Who Cares About
BY JOSEPH T. BARR, OD, MS, FAAO, EDITOR
Contact lens manufacturers and public relations experts in the industry have urged us for many years to write about ethics in Contact Lens Spectrum. We have generally avoided this issue because our reader surveys have repeatedly informed us that most of our readers were not interested. From time to time, we publish a letter from a reader about ethical issues.
A recent article in "Marketing to Physicians" by Joan Schuman outlines some of these ethical issues regarding marketing. Recently, the American Medical Association, the Pharmaceutical Research and Manufacturers of America and the Office of the Inspector General of the Department of Health and Human Services have published guidelines regarding marketing to health care professionals. These guidelines encourage manufacturers to provide scientific and educational materials and programs. They discourage unnecessary consulting, giving of expensive gifts and providing physicians and spouses with vacations. Clearly, they discourage quid pro quo: giving the practitioner something, cash, gifts, travel and other rewards, with an agreement to buy or prescribe specific products. AMA guidelines restrict gifts to only those that are educational and would benefit patients. They discourage cash and entertainment. Some companies, including at least one contact lens manufacturer, have policies that prohibit holding educational programs at resort locations. Continuing Medical Education guidelines require that educators disclose their relationships with sponsors. Even the provision of product samples is being called into question. Lance Plunkett, JD, counsel to the American Optometric Association, questioned the "foisting unnecessary or excessive or unwarranted treatments on patients."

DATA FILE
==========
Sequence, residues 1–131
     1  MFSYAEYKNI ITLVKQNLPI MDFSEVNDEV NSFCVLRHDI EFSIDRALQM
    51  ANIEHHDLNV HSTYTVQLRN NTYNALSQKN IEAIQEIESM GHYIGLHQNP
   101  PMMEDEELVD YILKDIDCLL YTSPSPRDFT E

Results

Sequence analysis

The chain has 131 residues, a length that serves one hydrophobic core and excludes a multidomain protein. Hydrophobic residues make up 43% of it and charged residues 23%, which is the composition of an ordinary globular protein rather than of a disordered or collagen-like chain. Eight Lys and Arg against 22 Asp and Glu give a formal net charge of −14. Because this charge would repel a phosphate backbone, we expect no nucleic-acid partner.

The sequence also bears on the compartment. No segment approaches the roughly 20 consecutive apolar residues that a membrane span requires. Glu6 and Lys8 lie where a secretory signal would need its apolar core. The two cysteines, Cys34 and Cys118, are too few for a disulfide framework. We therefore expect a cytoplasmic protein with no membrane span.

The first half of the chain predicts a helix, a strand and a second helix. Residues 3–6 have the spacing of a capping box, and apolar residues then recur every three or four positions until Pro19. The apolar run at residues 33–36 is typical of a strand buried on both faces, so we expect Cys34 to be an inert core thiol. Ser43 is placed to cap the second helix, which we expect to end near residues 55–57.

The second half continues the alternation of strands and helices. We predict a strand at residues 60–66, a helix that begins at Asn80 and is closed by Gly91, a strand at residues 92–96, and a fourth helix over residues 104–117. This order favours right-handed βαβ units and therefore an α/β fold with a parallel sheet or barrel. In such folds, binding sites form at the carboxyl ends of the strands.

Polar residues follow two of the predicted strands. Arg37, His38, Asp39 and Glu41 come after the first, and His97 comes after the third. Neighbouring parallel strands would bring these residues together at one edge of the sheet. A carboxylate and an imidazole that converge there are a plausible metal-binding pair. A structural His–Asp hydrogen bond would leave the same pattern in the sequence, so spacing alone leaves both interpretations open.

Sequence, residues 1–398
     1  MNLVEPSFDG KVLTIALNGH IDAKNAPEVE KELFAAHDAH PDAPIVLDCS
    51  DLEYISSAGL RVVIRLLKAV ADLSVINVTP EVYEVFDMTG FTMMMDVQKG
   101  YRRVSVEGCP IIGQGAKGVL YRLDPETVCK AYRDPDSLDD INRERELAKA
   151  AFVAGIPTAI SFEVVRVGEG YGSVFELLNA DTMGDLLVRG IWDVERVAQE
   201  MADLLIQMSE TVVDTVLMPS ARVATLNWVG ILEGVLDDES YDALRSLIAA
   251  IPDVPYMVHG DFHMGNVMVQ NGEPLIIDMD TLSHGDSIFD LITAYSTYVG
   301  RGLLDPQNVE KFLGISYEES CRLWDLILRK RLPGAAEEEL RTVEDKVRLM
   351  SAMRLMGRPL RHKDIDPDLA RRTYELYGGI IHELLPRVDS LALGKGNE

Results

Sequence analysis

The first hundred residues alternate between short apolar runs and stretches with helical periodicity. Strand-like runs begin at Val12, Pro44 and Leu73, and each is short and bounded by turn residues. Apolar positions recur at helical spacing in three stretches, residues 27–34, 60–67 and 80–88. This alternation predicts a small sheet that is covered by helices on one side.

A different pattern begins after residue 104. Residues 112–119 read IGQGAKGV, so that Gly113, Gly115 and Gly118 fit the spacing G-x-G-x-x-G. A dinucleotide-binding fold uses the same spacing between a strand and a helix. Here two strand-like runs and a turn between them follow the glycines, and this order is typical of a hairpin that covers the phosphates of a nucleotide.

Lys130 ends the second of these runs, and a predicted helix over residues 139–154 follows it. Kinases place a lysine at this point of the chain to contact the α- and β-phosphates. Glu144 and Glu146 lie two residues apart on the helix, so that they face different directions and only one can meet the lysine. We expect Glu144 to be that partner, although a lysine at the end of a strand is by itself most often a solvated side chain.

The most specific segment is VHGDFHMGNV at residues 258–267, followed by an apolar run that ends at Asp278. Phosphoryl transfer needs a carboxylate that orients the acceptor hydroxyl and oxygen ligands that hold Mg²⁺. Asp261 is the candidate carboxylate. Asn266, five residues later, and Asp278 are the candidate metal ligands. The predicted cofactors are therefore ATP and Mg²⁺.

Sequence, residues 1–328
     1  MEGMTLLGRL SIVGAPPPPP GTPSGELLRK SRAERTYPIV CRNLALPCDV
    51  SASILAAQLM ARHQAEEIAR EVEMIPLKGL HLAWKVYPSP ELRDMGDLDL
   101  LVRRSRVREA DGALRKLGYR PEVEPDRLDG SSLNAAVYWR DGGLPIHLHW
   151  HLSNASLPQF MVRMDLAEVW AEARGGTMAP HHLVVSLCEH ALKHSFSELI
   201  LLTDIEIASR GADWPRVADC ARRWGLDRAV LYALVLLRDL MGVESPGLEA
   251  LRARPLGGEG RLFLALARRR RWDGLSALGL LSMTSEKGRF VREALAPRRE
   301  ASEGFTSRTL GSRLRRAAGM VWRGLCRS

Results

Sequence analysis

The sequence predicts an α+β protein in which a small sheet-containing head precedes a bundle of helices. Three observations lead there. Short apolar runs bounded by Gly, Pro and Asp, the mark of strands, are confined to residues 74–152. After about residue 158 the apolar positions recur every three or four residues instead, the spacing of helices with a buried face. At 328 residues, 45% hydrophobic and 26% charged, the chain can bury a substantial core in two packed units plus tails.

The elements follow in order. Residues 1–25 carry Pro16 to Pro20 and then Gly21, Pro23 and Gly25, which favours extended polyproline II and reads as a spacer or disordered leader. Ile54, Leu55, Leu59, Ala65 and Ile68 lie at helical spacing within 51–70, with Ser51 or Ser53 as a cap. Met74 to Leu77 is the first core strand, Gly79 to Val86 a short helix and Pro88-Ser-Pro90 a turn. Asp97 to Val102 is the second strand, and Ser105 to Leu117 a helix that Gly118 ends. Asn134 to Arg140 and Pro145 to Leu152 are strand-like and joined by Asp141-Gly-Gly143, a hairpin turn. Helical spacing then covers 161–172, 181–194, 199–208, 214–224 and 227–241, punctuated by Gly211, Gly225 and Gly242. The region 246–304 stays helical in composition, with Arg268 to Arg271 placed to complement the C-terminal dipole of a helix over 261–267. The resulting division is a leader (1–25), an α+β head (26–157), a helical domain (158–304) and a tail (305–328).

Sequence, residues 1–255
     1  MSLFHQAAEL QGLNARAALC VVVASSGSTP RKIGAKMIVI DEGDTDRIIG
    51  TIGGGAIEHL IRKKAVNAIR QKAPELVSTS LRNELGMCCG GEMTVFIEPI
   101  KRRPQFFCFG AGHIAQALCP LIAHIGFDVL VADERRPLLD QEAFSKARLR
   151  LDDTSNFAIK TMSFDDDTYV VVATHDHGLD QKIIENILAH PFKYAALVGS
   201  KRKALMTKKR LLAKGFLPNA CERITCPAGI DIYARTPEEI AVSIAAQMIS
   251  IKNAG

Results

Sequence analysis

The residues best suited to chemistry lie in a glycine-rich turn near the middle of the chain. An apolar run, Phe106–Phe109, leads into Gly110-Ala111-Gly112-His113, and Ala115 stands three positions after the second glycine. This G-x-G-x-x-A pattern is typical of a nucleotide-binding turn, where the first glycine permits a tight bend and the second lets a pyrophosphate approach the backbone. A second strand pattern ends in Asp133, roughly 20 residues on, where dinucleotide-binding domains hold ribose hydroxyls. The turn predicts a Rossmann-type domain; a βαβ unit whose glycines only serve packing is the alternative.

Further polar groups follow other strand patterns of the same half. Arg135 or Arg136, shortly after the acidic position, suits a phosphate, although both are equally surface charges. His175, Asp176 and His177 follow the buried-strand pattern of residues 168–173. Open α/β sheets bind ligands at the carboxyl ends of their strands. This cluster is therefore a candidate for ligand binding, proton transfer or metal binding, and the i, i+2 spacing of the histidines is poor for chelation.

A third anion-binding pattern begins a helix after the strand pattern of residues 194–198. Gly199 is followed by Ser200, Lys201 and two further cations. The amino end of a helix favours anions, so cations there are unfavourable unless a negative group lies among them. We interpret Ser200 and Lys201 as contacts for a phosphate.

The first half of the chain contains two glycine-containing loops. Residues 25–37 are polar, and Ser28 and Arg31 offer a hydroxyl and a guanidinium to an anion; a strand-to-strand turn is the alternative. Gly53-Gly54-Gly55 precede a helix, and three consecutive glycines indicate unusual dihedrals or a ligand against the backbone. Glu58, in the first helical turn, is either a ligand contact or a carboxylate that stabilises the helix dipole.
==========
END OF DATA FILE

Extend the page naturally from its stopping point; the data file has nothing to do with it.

What is acceptable?
- Gifts related to work worth less than $100 with no quid pro quo
- Textbooks and other educational materials
- Meals that are not extravagant associated with real educational activity
Certainly, manufacturers who sponsor continuing education in their area of interest should provide a nonrestricted grant to the organization who is preparing the CE program or project. The organization will then be responsible for the speakers, the program content and paying the lecturers.
In the end, what we do in our offices and clinics should depend on what is in the patients' best interest and nothing more.
Contact Lens Spectrum, Issue: May 2003